Monthly Archives: August 2017

A Slam Dunk for Sustainability

By Dan Munn, DLR Group

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To close June on a sustainable note, I attended the Green Sports Alliance Summit 2017 in Sacramento, California, and joined the Make It Last: Sustainable Solutions for Existing Venues panel with leaders representing Key Arena, New York Mets’ Citi Field, and Wrigley Field. These sporting venues implemented sustainable, innovative solutions to modernize their iconic facilities. During our panel we shared challenges encountered during the design processes and how we overcame these barriers, ranging from budgeting to infrastructure. The final result of these American landmarks are energy efficient upgrades that reflect sustainable champions.

Solar Energy Brings the Heat
I spoke about DLR Group’s recent canopy design for NRG Energy at the Miami Heat’s AmericanAirlines Arena, which created a sustainable, marketable space to replace a formerly low-traffic area. Our design centers on a vibrant skylight canopy that generates environmentally-friendly solar energy. The canopy is composed of 14 solar skylights producing approximately 34,000 kW/hour of energy per year and powers flexible hospitality stations, LED screens, advertising, and WiFi connections. A color changing LED system creates an energetic atmosphere, drawing people to this space. This upgrade maximizes the triple bottom line of fan engagement, sustainable operations, and increased revenue.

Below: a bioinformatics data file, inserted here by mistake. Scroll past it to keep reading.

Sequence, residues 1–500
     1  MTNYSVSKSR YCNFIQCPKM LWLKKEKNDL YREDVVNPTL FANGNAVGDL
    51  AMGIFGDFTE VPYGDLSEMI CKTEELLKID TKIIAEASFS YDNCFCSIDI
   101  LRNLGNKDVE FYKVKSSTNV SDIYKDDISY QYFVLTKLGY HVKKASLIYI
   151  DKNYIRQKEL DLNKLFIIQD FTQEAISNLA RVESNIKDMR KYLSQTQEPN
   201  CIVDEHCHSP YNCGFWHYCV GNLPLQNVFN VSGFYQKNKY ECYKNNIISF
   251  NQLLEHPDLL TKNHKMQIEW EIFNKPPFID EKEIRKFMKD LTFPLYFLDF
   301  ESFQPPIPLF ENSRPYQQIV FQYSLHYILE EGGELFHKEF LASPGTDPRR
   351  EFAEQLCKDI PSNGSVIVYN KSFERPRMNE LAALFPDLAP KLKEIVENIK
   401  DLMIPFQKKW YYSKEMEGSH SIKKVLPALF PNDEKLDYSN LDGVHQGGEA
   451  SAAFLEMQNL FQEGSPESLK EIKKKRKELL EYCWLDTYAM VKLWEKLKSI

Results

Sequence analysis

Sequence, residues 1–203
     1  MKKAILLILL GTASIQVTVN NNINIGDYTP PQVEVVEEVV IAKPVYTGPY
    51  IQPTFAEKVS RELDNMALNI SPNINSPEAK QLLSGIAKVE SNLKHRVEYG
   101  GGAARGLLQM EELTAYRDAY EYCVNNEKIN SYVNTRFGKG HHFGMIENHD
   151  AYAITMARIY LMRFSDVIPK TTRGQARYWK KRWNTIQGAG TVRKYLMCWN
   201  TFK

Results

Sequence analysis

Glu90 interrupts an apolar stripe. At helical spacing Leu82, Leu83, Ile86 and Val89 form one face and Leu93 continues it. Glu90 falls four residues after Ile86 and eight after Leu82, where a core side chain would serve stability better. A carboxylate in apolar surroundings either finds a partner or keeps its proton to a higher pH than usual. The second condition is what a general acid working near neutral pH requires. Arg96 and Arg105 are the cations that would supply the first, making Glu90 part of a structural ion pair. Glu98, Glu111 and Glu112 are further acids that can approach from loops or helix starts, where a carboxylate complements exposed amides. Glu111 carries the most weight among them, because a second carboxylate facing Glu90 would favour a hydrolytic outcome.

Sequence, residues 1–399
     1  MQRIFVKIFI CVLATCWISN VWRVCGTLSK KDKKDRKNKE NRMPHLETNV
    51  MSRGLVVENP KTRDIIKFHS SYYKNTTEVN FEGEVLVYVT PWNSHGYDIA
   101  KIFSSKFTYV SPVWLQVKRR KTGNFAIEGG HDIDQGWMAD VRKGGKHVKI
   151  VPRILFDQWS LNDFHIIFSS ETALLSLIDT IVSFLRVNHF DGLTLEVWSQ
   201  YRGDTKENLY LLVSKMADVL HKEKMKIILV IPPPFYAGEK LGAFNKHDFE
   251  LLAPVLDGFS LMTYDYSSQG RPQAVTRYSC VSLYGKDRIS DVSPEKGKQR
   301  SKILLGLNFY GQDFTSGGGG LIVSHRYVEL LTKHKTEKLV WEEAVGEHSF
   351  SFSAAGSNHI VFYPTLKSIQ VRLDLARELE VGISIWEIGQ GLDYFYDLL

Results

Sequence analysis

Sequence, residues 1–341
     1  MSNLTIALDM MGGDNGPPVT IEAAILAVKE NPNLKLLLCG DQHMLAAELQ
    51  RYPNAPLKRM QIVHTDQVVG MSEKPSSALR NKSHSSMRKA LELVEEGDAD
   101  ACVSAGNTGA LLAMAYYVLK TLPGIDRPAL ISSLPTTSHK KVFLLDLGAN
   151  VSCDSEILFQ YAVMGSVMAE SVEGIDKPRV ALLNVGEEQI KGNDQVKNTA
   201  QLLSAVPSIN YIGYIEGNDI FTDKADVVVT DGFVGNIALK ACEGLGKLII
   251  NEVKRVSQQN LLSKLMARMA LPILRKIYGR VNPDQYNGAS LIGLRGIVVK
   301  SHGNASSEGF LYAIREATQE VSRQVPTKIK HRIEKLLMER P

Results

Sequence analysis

Smart Business
There have been many questions as to whether solar energy is a cost effective energy solution. Aside from an industry compound annual growth rate of over 60 percent in solar energy, the cost to install solar has dropped by more than 70 percent over the last 10 years.

Read the full story here.


It’s Overtime for Climate Change and Everyone Needs to Score

SportsBusiness Journal
By Vivek Ranadivé

As the heart of civic life, sports teams have a unique opportunity to be a leader in the environmental change movement. The greatest civilizations in the world have centered around large gathering places where people come together to talk, interact, enjoy sports and entertainment, and even engage in political debate. Today, sports venues are no different — they serve as the 21st century communal fireplace.

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When we set out to build the new Sacramento Kings arena in downtown Sacramento, we asked more than 20,000 Sacramentans what they wanted to achieve in their new arena, Golden 1 Center. Across the board the answer was: “To become a model of sustainability.”

And that is what we built. Our new arena achieves the highest sustainability standards, becoming the world’s only 100 percent solar-powered and LEED platinum-certified arena — putting it in the top 3 percent of all buildings scored by the organization.

By moving our arena downtown, we are reducing average miles traveled per attendee by 20 percent, cutting overall air emissions by 24 percent, and by 2020, will have reduced travel-related greenhouse gas emissions per attendee by 36 percent.

As the first-ever indoor/outdoor arena in the world, we’re able to take advantage of the region’s natural cooling phenomenon — The Delta Breeze — to control the building’s climate efficiently.

We built seven green outdoor walls totaling 4,800 square feet — covering two-thirds of the arena — as a living symbol of sustainability, installed low-flow plumbing fixtures throughout the arena, which can save over 40 percent of a typical arena’s water consumption, and ensured 99 percent of our demolition materials from the construction of the arena — over 101,000 tons — were recycled and diverted from landfills.